AMMAN (Reuters) - Syria’s army beefed up its presence in the southern city of Deraa, a focal point of bloody protests across the country, and soldiers took to the streets in a northern port where tensions are rising, residents said on Sunday.
The protests, which started in Deraa eight days ago, pose the most serious challenge to the 48-year rule of the Baath Party, and its leader, President Bashar al-Assad.
The demonstrations, in which protesters in some towns set fire to ruling party headquarters, would have been unthinkable a couple of months ago in the tightly controlled Arab country.
The army has so far taken a secondary role to secret police and special forces that have been sent to the city to try to quell more than a week of protests in which at least 55 people have been killed in and around Deraa, a rights group said.
The protesters have called for political freedoms and an end to corruption, but they have also directed their wrath at Assad, and torched a statue of late President Hafez al-Assad, who ruled Syria with an iron fist for 30 years until his death in 2000.
Security forces had fired on protesters on Friday in Deraa and there were reports of more shootings in other parts of Syria. Authorities have blamed the violence on “armed gangs.”
The unrest spread to the heavily fortified main port city of Latakia, where, according to a Syrian official source, twelve people — including security forces, civilians and “armed elements” — have been killed in two days of clashes.
Latakia is a mostly Sunni city but also has many Shi’ite residents from the Alawite sect who have moved into the city from nearby mountains over the past several decades.
A resident of Latakia said soldiers took to the streets of the city on Saturday night to help secret police and security forces control the city after confrontations between Alawite and Sunni youth.
“Decades of pent up feelings are generating these confrontations. But this not a mass Sunni-Alawite strife. Cooler heads are prevailing in Latakia,” the resident said.
He said no tanks or troop carriers were to be seen and the army was restricting its presence to soldiers on foot.
“There is a feeling in Latakia that the presence of disciplined troops is necessary to keep order. We do not want looting,” he added.
An official source said security forces had not fired at protesters in Latakia but that an armed group had taken over rooftops and fired on citizens and security forces, killing five people since Friday.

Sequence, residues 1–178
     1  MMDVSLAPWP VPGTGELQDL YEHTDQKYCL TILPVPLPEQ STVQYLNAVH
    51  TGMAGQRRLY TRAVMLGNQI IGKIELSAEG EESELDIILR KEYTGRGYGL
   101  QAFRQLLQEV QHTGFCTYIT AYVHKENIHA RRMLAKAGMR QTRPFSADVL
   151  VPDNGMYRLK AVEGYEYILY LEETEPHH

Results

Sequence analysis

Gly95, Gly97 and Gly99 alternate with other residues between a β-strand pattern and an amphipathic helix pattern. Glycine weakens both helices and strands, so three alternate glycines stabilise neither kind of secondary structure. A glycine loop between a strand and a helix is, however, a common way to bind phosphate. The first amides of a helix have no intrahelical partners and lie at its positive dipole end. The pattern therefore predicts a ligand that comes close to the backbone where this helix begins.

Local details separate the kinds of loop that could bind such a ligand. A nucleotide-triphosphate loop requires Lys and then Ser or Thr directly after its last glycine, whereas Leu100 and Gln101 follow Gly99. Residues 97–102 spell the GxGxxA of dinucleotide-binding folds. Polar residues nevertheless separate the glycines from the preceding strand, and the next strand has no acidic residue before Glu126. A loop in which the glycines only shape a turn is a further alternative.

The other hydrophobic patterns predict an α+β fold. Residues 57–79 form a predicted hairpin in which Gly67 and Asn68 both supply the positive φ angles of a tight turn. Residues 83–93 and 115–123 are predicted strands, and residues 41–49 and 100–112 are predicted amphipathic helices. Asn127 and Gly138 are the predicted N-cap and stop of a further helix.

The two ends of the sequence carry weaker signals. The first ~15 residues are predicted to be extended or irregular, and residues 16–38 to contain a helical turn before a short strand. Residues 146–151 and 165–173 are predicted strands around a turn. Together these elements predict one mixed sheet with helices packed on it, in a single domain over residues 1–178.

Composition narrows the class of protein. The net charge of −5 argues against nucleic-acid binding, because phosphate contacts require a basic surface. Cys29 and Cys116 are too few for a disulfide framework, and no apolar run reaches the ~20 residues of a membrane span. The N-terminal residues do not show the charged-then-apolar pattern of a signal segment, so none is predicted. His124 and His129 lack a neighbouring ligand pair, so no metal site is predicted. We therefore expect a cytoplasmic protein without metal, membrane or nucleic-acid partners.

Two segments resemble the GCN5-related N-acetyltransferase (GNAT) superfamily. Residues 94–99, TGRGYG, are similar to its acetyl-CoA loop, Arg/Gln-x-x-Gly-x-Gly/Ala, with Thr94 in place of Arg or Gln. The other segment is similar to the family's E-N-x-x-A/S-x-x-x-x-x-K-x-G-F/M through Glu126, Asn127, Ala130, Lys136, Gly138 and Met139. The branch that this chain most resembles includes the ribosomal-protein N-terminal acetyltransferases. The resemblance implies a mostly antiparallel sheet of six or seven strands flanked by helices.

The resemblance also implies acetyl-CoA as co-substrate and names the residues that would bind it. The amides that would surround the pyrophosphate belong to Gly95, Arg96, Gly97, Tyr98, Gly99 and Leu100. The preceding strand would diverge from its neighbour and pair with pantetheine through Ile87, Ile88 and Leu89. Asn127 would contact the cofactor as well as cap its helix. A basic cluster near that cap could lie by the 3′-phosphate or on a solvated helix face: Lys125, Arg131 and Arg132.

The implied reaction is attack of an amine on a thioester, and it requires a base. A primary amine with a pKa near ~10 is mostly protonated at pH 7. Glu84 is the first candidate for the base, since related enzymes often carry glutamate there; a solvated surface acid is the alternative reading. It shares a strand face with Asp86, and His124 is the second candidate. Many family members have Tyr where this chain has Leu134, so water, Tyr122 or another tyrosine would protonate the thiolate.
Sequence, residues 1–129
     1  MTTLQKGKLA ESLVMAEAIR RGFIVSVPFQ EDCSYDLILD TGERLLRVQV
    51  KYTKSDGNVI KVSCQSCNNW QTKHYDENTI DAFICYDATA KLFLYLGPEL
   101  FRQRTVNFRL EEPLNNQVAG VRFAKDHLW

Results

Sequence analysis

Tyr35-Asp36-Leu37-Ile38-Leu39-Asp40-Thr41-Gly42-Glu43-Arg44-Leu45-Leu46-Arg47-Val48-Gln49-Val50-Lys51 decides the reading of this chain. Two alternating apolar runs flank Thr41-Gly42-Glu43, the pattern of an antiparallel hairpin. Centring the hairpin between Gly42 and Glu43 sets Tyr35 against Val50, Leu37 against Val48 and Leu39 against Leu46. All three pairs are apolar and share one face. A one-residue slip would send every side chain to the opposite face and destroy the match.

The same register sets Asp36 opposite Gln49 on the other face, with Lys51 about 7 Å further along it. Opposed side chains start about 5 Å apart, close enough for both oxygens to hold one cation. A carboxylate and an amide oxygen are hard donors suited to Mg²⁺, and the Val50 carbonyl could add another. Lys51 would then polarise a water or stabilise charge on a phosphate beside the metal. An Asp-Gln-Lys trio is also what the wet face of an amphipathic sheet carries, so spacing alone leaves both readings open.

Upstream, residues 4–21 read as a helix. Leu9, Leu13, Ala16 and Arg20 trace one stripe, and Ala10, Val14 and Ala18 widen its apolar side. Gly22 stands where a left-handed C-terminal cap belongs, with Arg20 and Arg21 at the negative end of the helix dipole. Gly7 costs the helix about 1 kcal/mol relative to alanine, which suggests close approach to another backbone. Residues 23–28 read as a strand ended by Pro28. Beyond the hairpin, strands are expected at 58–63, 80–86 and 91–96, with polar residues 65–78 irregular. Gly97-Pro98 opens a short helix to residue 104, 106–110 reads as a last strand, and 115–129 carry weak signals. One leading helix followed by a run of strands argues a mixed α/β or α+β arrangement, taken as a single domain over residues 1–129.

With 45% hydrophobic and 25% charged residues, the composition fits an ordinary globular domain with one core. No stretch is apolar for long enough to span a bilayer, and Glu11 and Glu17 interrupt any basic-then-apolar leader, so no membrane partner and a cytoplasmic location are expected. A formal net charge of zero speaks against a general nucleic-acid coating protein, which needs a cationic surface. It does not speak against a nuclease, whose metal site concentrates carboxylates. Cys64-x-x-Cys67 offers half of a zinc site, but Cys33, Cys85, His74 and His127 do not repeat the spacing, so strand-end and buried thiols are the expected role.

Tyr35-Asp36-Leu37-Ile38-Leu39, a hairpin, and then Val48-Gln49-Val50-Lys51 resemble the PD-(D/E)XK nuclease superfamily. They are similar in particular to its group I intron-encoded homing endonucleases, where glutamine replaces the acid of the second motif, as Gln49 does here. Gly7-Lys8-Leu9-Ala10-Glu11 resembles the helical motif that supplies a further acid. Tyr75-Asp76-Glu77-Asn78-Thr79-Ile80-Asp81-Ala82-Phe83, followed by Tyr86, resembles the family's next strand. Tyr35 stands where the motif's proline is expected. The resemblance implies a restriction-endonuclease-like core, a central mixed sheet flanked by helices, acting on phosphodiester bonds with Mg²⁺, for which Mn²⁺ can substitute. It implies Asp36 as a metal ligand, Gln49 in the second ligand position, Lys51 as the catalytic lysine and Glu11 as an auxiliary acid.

In an attempt to placate protesters, Assad freed 260 prisoners on Saturday and earlier in the week made a rare public pledge to implement reforms, such as “studying” an end to emergency law and proposing draft laws that would grant greater freedoms in the media and the formation of political parties.
But protesters did not seem to be mollified by the promises and in Deraa, at least, they have called for the “downfall of the regime,” a refrain heard in uprisings across the Arab world which have unseated the entrenched rulers of Tunisia and Egypt.
Syrian authorities said on Saturday the country was the target of a “project to sow sectarian strife.”
Syria’s establishment is dominated by members of the minority Alawite sect, an offshoot of Shi’ite Islam, a fact that causes resentment among the Sunni Muslims who make up some three-quarters of the population.
Demonstrations in support of Assad have also take place in
Damascus and other cities, where thousands of Assad’s loyalists marched or and drove around, waving flags, to proclaim their allegiance to the Baath party.
A Lebanese security source told Reuters that Syrian border police were stopping a number of Syrians entering from Lebanon.
In Beirut, a Syrian protester was slightly wounded when unknown assailants fired a few gunshots at a pro-Assad rally.
Writing by Yara Bayoumy and Khaled Yacoub Oweis; Editing by Louise Ireland